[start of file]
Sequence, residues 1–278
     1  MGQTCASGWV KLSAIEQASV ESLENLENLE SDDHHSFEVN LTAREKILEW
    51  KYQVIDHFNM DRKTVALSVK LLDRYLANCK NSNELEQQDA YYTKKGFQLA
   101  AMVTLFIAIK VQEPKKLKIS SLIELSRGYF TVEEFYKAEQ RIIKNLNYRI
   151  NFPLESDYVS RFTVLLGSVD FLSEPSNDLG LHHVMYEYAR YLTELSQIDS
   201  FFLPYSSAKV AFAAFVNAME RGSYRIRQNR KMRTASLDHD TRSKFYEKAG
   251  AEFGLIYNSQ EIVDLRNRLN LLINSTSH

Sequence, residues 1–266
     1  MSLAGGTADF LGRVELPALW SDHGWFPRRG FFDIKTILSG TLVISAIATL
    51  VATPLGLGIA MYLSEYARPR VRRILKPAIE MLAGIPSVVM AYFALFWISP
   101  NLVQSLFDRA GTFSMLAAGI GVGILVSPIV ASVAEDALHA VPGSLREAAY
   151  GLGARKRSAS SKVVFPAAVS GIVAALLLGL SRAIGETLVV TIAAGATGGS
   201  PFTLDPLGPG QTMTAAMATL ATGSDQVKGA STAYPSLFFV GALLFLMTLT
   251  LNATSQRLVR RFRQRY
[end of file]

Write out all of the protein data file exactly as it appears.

Sequence, residues 1–278
     1  MGQTCASGWV KLSAIEQASV ESLENLENLE SDDHHSFEVN LTAREKILEW
    51  KYQVIDHFNM DRKTVALSVK LLDRYLANCK NSNELEQQDA YYTKKGFQLA
   101  AMVTLFIAIK VQEPKKLKIS SLIELSRGYF TVEEFYKAEQ RIIKNLNYRI
   151  NFPLESDYVS RFTVLLGSVD FLSEPSNDLG LHHVMYEYAR YLTELSQIDS
   201  FFLPYSSAKV AFAAFVNAME RGSYRIRQNR KMRTASLDHD TRSKFYEKAG
   251  AEFGLIYNSQ EIVDLRNRLN LLINSTSH

Sequence, residues 1–266
     1  MSLAGGTADF LGRVELPALW SDHGWFPRRG FFDIKTILSG TLVISAIATL
    51  VATPLGLGIA MYLSEYARPR VRRILKPAIE MLAGIPSVVM AYFALFWISP
   101  NLVQSLFDRA GTFSMLAAGI GVGILVSPIV ASVAEDALHA VPGSLREAAY
   151  GLGARKRSAS SKVVFPAAVS GIVAALLLGL SRAIGETLVV TIAAGATGGS
   201  PFTLDPLGPG QTMTAAMATL ATGSDQVKGA STAYPSLFFV GALLFLMTLT
   251  LNATSQRLVR RFRQRY